A Quaker Meeting in Camas, WA
This Sunday is the halfway point through our interventions in Luke, or at least our halfway point, given the inexact route we’re taking. And given this halfway point we (the worship planners and I) thought it would be useful to spend this week reflecting upon where we have been, the path we’ve taken, the topics covered, and the interventions amassed.
Therefore for this week of reflection we’re going to focus on key passages and a key query from each of our weeks’ discussions. Though I recognize in your own readings of these passages you may have encountered Christ through other passages other than the ones I’ve included below. If that is the case please feel free to point that out. These are only limited selections. This Sunday I will give a brief discussion on “This is where the path has taken us,” and then open it up for you to reflect however seems fitting your own journey through Luke (interpretative dances are encouraged!).
Week 1: Narration as Intervention (Luke 1:1-4)
“Since many have undertaken to set down an orderly account of the events that have been fulfilled among us, just as they were handed on to us by those who from the beginning were eyewitnesses and servants of the word, I too decided, after investigating everything carefully from the very first, to write an orderly account for you, most excellent Theophilus, so that you may know the truth concerning the things about which you have been instructed.” (Luke 1:1-4 NRSV).
Query: What narratives, what stories, which characters or people, have you witnessed in real life or fiction, that have intervened in your life in a way that you were changed after that encounter?
Week 2: Birthing the Impossible (Luke 1:5-38)
“Mary said to the angel, “How can this be, since I am a virgin?” The angel said to her, “The Holy Spirit will come upon you, and the power of the Most High will overshadow you; therefore the child to be born will be holy; he will be called Son of God. And now, your relative Elizabeth in her old age has also conceived a son; and this is the sixth month for her who was said to be barren. For nothing will be impossible with God.” Then Mary said, “Here am I, the servant of the Lord; let it be with me according to your word.” Then the angel departed from her.” (Luke 1:34-38 NRSV).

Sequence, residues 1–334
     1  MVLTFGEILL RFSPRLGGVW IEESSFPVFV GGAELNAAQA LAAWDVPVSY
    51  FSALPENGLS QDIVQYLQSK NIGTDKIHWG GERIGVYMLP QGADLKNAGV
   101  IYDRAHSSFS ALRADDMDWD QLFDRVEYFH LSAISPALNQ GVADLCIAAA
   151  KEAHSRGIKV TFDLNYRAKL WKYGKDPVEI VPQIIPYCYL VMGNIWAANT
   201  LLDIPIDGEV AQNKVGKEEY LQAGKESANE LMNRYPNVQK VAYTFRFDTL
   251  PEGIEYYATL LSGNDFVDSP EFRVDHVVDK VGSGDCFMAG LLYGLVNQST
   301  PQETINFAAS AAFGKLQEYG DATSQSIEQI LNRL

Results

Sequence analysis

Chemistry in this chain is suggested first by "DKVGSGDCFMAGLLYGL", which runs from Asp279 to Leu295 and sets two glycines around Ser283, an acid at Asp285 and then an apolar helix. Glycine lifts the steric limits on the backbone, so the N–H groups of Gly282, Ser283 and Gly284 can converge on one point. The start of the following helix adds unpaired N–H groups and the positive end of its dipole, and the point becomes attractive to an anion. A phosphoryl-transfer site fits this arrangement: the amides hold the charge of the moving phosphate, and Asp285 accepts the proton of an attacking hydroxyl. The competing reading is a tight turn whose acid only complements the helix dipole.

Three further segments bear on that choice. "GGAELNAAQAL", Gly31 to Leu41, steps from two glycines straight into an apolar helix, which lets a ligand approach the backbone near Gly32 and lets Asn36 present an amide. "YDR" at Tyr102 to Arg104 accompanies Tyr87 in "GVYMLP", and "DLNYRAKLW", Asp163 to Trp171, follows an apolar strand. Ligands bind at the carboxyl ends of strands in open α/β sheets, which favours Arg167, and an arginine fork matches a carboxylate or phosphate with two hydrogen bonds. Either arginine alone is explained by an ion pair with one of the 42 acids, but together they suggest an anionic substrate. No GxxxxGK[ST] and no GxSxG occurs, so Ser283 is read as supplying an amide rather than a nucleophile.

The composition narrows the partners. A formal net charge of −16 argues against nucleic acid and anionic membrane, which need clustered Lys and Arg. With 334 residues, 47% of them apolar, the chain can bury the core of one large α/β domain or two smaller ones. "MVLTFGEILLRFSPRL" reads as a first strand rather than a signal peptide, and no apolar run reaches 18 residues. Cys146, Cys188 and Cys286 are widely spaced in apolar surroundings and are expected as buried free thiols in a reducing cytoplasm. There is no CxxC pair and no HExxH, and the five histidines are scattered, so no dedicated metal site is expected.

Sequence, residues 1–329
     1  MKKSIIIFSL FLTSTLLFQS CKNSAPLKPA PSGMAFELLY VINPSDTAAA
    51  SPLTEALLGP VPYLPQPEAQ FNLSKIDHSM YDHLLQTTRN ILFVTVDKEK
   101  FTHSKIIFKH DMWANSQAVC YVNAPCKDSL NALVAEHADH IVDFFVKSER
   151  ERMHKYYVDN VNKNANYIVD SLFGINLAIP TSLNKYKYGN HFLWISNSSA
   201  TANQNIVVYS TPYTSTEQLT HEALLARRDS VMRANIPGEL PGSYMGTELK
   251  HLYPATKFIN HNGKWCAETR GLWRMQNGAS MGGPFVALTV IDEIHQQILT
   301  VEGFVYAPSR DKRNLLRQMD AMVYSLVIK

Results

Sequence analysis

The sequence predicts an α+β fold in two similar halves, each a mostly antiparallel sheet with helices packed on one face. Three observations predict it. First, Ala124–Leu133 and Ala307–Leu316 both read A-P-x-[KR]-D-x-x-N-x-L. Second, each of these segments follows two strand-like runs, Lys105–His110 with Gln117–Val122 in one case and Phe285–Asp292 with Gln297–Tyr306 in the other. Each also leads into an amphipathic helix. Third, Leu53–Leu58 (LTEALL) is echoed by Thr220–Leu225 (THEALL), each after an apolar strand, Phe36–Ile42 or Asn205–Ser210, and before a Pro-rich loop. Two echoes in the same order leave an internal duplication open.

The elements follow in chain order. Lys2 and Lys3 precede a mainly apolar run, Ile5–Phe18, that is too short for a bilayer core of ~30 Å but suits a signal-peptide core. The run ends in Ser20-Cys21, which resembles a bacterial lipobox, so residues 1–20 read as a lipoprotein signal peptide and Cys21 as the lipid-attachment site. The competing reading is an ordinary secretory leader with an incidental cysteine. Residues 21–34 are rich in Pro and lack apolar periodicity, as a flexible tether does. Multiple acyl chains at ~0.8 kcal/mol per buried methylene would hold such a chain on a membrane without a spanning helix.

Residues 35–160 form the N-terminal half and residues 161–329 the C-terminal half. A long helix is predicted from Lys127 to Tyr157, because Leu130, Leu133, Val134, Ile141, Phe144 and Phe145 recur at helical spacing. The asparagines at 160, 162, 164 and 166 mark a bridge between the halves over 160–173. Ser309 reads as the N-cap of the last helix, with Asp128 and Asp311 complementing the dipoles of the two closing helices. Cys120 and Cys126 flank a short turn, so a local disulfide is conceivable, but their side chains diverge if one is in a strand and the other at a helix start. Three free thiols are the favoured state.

Query: “Alas, what can I do but follow the openings?” (Elizabeth Gurney)
Week 3: What Then Should We Produce? (Luke 3:1-20)
“And the crowds asked him, “What then should we do?” In reply he said to them, “Whoever has two coats must share with anyone who has none; and whoever has food must do likewise.” Even tax collectors came to be baptized, and they asked him, “Teacher, what should we do?” He said to them, “Collect no more than the amount prescribed for you.” Soldiers also asked him, “And we, what should we do?” He said to them, “Do not extort money from anyone by threats or false accusation, and be satisfied with your wages.”” (Luke 3:9-14 NRSV). In reply he said to them, “Whoever has two coats must share with anyone who has none; and whoever has food must do likewise.” Even tax collectors came to be baptized, and they asked him, “Teacher, what should we do?” He said to them, “Collect no more than the amount prescribed for you.” Soldiers also asked him, “And we, what should we do?” He said to them, “Do not extort money from anyone by threats or false accusation, and be satisfied with your wages.”” (Luke 3:9-14 NRSV).
Query: How do we make our practice of peace a practice for life?
Week 4: A Short-Circuit in Mission (Luke 4:14-30)
“He unrolled the scroll and found the place where it was written: “The Spirit of the Lord is upon me, because he has anointed me to bring good news to the poor. He has sent me to proclaim release to the captives and recovery of sight to the blind, to let the oppressed go free, to proclaim the year of the Lord’s favor.”
And he rolled up the scroll, gave it back to the attendant, and sat down. The eyes of all in the synagogue were fixed on him. Then he began to say to them, “Today this scripture has been fulfilled in your hearing.”” (Luke 4:17-21 NRSV).
Query: If Jesus found it fitting to short-circuit the expectations of his hearers, his religious community, to challenge their understanding in very radical ways, how might we as the church be short-circuited by this reading, and what are we to short-circuit in the world?
Week 5: Feasting With Tyrants and Tax Collectors (Luke 5:27-39)
“After this he went out and saw a tax collector named Levi, sitting at the tax booth; and he said to him, “Follow me.” And he got up, left everything, and followed him.
Then Levi gave a great banquet for him in his house; and there was a large crowd of tax collectors and others sitting at the table with them.” (Luke 5:27-29 NRSV).
“Then they said to him, “John’s disciples, like the disciples of the Pharisees, frequently fast and pray, but your disciples eat and drink. Jesus said to them, “You cannot make wedding guests fast while the bridegroom is with them, can you? The days will come when the bridegroom will be taken away from them, and then they will fast in those days.”” (Luke 5:33-35 NRSV).
Query: In what ways is Jesus manifesting God’s mission in this scene?
Week 6: Poetry on the Plain (Luke 6:20-49)
“But love your enemies, do good, and lend, expecting nothing in return. Your reward will be great, and you will be children of the Most High; for he is kind to the ungrateful and the wicked. Be merciful, just as your Father is merciful.” (Luke 6:35-36 NRSV).
Query: What would it look like, or what does it look like, to live these ethics out in the life of the church today?
I look forward to reflecting on this with you on Sunday. I hope you’ve enjoyed our journey through Luke, I sure have!